Gigabyte is apparently taking this whole USB 3.0 thing pretty seriously and is stoked that two of its P55-based motherboards -- GA-P55A-UD7 and GA-P55A-UD5 -- have passed official certification by the USB Implementers Forum (USB-IF).
But the SuperSpeed buck doesn't stop there. Gigabyte says it is "aggressively adopting USB 3.0" on all of nearly its platforms, including the Intel X58, P55, H57, P45, and P43 chipsets, as well as AMD 790FX, 790X, 770, and 785G chipsets.
"We are investing heavily in developing the USB 3.0 ecosystem and are overjoyed to see that the majority of motherboards listed on the SuperSpeed USB Compliance Web page are from GIGABYTE," said Henry Kao, Senior Vice President, Motherboard Business Unit, GIGABYTE Technology Co. Ltd. "As the Windows® 7 upgrade cycle progresses, we are finding that onboard USB 3.0 is a powerful deal clincher as consumers look to future-proof their new purchases with the very latest technologies and specifications. As such, the timing for the introduction of USB 3.0 could not be better, and we are excited about working with the USB-IF to ramp up SuperSpeed adoption and explore the new possibilities that it has to offer."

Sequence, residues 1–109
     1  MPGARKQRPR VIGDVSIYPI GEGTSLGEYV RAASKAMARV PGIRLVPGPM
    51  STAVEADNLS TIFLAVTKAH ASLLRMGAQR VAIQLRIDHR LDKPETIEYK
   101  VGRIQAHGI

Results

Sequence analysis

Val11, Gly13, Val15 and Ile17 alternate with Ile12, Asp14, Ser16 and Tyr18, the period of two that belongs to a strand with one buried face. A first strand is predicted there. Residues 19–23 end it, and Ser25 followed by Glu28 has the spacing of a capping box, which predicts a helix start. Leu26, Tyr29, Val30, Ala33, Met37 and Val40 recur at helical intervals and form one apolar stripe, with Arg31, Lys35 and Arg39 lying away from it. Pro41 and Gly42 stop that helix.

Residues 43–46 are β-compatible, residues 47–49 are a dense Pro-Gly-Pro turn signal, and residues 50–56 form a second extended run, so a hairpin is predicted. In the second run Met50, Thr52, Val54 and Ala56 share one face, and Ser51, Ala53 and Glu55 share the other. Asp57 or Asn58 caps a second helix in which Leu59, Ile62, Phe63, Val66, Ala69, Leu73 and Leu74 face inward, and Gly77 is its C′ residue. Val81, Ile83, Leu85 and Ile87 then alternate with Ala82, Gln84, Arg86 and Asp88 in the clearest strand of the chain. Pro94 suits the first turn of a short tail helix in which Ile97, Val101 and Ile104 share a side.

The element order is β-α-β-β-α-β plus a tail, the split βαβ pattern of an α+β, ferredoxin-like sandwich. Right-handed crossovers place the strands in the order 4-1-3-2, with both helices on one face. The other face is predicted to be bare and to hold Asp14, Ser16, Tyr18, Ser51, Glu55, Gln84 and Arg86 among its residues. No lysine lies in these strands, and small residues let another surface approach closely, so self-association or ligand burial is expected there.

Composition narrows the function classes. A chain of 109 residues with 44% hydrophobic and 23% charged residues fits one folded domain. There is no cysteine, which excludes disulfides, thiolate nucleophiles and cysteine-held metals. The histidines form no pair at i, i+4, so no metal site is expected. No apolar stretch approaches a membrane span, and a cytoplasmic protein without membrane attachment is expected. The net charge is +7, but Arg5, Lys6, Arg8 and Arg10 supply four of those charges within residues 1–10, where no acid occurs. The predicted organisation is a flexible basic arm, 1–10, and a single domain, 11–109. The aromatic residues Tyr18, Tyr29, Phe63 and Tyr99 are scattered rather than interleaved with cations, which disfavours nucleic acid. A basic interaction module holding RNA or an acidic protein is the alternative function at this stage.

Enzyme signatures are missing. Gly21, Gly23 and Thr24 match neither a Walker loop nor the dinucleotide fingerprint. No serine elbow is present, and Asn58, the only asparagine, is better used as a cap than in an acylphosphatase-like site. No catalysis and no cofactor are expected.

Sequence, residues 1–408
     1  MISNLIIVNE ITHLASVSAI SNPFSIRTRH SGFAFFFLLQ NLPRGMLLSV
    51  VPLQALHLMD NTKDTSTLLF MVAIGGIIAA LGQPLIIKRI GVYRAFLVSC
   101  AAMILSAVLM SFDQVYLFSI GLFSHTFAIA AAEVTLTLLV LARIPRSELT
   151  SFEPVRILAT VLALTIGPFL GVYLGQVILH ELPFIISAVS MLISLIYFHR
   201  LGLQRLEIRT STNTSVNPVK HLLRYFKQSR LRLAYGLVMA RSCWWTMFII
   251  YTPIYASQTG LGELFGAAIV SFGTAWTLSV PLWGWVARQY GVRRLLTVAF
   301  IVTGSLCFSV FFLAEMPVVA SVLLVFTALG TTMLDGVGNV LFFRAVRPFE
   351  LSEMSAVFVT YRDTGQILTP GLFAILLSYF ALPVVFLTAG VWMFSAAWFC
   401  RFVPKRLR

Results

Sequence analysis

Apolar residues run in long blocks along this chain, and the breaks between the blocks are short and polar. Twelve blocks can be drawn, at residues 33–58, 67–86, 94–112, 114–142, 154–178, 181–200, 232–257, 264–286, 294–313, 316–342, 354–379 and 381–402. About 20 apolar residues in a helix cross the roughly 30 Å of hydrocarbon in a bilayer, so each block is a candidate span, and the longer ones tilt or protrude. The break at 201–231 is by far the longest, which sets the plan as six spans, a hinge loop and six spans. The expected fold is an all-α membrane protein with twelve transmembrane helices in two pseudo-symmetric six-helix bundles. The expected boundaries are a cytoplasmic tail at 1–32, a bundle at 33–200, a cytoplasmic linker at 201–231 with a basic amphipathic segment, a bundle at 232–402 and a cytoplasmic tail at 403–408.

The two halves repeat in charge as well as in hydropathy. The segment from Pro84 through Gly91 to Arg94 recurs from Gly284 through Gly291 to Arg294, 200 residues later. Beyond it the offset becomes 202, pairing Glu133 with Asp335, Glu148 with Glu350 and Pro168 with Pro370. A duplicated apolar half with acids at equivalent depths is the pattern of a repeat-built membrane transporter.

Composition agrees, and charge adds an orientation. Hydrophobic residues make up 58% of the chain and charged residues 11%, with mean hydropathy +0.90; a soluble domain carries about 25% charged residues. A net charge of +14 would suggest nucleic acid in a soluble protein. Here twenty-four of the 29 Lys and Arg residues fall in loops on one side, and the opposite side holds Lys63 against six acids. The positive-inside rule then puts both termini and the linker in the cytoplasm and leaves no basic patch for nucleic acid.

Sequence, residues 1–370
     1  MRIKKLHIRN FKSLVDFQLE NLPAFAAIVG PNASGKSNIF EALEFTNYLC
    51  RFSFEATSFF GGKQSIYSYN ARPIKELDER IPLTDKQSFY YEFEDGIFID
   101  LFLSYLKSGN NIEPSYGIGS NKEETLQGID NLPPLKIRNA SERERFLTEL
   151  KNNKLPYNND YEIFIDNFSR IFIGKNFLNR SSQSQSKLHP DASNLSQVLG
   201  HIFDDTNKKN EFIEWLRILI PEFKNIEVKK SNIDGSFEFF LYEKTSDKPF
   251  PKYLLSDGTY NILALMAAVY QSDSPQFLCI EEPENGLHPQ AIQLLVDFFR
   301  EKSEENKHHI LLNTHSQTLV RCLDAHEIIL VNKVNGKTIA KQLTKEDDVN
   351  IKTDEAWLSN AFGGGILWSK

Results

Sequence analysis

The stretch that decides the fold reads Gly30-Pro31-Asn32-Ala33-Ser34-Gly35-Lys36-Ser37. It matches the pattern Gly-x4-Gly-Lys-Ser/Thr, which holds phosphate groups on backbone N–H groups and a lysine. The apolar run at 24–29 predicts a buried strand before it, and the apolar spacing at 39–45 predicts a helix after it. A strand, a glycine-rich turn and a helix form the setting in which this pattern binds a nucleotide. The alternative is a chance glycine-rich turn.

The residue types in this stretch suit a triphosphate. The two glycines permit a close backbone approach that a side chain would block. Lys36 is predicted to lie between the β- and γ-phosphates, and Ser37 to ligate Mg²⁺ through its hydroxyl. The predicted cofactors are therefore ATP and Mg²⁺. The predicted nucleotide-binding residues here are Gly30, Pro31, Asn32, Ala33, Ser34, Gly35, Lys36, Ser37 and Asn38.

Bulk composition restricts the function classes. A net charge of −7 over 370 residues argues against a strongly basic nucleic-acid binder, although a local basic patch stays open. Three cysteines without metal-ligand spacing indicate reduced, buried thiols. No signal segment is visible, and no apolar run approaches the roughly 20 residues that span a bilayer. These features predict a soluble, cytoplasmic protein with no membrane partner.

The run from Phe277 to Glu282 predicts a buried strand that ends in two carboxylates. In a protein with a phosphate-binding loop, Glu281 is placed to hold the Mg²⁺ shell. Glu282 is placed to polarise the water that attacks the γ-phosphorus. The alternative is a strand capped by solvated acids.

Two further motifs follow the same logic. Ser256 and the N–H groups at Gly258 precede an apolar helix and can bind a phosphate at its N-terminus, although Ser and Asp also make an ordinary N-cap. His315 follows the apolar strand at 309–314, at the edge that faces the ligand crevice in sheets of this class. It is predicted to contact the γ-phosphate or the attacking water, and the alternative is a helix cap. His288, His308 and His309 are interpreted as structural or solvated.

Gigabyte is getting a bit of help from NEC, which is providing the uPD720200 host controller for all of the company's USB 3.0 compliant boards. In addition, a handful of models also feature 3x USB power boost, which you can read more about here.
ASRock recently stated it wanted to start targeting the enthusiast crowd, and making good on that intention, the company will start slapping a new UCC chip onto its motherboards.
So what's the big deal? UCC stands for Unlock CPU Core, and as you might have guessed, it's designed to make easy-work out of turning AMD's triple-core processors into unlocked quad-core parts. All you do is go into the BIOS, enter one of the options, and if the parts play nice together, you'll be sitting pretty with four cores where previously there were three.